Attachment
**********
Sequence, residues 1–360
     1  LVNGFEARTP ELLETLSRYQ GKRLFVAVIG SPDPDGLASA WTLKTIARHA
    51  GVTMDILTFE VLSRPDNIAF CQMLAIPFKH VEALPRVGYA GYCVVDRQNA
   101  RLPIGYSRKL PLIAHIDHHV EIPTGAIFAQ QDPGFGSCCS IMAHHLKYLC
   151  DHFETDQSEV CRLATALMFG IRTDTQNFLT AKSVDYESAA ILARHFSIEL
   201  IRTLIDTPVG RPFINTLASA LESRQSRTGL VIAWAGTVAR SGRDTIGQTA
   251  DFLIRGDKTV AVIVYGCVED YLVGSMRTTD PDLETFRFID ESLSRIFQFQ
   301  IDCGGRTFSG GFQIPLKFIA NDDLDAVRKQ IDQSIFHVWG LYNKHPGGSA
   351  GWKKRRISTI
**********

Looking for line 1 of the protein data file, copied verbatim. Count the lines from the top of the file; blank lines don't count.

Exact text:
Sequence, residues 1–360